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October 09, 2014

Profile: The man behind the scenes

Teamsters Local 727 member Philip Gutowsky works on the set of “Sense 8,” a science fiction series that will debut on Netflix next year.

Profile: The man behind the scenes

A major film or television production has its stars, its directors, and the other members of the Screen Actors Guild, sure. They get credit and recognition at high profile events like the Academy Awards. But what about the union workers who make it all possible away from the camera lens?

Teamsters Local 727 member Philip Gutowsky said he and his co-workers operate behind the scenes a lot of the time, making sure the production runs smoothly. A great job often means people don't know they are there.

“We get here before everyone else at 4:30 in the morning and set the whole thing up. We have to be here first for the whole operation to work,” he said. “People don't see a lot of the work we do because we do it before they get here, or after they've left.”

Gutowsky has been a Teamster since 1990, and he's in charge of delivering the big white trailers to film and television sets throughout the city, trailers such as hair and makeup, craft services, wardrobe, restrooms, and the personal trailers of the stars.

He's also in charge of driving actors and actresses to the sets, making sure generators and propane heaters are topped off with fuel, and generally smoothing over any ripples that come up with having a dozen film trailers on a closed set in a large city. It's a large skill set that proves he's an essential union asset to any film production.

Film and television business has been booming over the last five years in Chicago, with tax credits bringing large productions such as the “Transformers” movies and the Christopher Noland-directed “Batman” franchise. In July of this year, Gutowsky worked on the new Andy and Lana Wachowski project, “Sense 8,” a science fiction series that will debut on Netflix next year.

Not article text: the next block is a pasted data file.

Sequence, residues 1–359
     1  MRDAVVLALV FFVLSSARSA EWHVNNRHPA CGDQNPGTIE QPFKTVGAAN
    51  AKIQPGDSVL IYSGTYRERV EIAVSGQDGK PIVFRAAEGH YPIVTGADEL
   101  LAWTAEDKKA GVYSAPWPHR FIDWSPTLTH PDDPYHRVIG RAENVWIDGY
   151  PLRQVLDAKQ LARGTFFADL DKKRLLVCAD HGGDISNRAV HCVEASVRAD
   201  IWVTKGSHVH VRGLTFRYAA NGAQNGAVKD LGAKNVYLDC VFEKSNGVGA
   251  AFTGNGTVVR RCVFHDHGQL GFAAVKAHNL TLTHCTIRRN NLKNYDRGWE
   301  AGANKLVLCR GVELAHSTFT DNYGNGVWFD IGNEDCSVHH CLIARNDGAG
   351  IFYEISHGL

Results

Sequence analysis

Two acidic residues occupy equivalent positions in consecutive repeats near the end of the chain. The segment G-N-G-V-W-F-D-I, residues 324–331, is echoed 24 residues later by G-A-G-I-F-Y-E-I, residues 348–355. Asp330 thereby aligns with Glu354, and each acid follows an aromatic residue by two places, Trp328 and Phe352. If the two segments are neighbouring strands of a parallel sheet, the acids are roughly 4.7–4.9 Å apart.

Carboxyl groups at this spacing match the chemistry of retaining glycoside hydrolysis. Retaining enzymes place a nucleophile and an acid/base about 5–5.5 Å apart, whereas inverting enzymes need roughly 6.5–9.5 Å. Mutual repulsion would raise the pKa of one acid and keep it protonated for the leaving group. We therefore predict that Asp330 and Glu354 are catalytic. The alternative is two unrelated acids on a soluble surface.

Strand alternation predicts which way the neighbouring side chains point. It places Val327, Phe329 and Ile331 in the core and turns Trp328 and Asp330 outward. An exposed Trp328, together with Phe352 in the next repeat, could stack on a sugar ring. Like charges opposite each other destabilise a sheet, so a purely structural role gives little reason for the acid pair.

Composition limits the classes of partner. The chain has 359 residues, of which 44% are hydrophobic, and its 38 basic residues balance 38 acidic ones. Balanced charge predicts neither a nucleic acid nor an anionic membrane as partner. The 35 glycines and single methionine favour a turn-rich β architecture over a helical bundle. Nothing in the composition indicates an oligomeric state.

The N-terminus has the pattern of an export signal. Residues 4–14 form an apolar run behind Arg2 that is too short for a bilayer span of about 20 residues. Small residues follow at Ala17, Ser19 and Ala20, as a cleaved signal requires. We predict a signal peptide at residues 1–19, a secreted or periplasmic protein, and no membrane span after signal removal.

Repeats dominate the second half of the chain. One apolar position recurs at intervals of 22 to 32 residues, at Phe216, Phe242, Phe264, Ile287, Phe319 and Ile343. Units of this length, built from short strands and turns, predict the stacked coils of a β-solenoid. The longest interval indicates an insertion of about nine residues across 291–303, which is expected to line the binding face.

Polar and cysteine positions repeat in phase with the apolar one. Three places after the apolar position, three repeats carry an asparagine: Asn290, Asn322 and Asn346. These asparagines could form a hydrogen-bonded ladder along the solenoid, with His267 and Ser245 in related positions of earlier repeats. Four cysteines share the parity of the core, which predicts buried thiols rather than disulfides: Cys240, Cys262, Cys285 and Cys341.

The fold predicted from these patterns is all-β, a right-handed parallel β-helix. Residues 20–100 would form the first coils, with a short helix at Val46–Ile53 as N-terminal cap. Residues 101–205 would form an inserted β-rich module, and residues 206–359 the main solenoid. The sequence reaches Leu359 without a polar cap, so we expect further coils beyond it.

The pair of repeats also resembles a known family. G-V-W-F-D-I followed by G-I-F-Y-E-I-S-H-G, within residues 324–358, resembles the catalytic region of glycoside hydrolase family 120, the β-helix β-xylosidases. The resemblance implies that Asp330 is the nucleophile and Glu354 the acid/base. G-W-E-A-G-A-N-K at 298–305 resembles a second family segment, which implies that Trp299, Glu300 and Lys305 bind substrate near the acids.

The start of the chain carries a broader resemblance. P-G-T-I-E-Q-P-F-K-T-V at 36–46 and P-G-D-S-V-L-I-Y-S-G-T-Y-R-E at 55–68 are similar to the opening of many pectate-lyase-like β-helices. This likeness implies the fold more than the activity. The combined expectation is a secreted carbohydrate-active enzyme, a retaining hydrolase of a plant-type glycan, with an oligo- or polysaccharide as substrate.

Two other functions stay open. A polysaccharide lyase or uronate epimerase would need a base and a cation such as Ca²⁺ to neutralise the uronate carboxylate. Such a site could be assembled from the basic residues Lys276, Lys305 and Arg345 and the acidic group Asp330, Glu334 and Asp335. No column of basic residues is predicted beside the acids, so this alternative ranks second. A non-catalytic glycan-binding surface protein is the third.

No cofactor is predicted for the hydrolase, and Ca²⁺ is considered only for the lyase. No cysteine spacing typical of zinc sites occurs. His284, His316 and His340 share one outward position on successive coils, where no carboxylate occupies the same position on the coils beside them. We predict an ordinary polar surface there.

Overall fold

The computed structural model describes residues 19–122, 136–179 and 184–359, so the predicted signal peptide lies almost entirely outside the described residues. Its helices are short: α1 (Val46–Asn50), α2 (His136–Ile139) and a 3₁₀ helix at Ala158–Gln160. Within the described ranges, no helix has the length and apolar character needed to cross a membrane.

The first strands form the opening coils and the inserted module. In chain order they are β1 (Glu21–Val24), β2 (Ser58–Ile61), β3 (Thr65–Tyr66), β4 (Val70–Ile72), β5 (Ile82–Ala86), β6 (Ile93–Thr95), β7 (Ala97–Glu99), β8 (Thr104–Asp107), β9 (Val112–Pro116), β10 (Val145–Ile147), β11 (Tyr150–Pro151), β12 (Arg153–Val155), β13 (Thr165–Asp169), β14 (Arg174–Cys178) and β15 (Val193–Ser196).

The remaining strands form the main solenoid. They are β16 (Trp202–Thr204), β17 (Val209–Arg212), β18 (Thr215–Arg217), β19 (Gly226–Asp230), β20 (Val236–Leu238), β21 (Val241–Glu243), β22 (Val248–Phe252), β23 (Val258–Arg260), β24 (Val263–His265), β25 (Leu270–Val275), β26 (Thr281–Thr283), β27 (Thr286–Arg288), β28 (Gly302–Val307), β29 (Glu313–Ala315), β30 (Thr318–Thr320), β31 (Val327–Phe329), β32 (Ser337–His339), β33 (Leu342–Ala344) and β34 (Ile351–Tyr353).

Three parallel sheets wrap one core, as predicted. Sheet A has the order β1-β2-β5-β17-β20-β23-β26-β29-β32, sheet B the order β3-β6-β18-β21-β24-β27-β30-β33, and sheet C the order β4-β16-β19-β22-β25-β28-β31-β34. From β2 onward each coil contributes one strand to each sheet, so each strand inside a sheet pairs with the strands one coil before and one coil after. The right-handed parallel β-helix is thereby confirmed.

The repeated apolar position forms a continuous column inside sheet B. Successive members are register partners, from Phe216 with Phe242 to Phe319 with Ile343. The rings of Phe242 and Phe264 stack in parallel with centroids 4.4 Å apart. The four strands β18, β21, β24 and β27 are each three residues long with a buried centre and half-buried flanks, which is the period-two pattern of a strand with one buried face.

He said he likes his job because he gets to meet new people and see new things every day, with ever-changing locations and challenges. The actors seem to like Chicago as well.

“People in the Midwest are nice. It's more laid back than Los Angeles, and you don't get the paparazzi effect as much,” he said. “I think they appreciate that.”

He's laid back as well. Gutowsky was chosen for his specific job of interacting with Hollywood stars because of his friendly demeanor and ability to get along with anyone. He started his career working security at Poplar Creek Music Theater and worked his way up from there, driving vans and earning his commercial driver’s license.

“I've been around rock stars since I was in high school. It's just another day; I'm just here doing my job,” said Gutowsky.

Another cool part of the job is the perks, of course – like seeing blockbusters being made right before his eyes, and even bringing his 12-year-old son to work for a day.

“He got to sit in one of the “Transformers” movie cars. So that was pretty cool,” said Gutowsky.

Notable movie favorites he worked on are “Baby’s Day Out,” which was one of the first films Gutowsky crewed, and “Dennis the Menace,” the 1993 live action film directed by Chicago native John Hughes.

“Hughes was a really nice, genuine guy, and of course he knew his way around Chicago,” he said.

With all that hard work comes equal rewards from the union.

“I'm always grateful to be in a union. You can count on a paycheck every week for your family. People are there to represent you, and you feel like you have a voice, like you have a family. It's great,” said Gutowsky.

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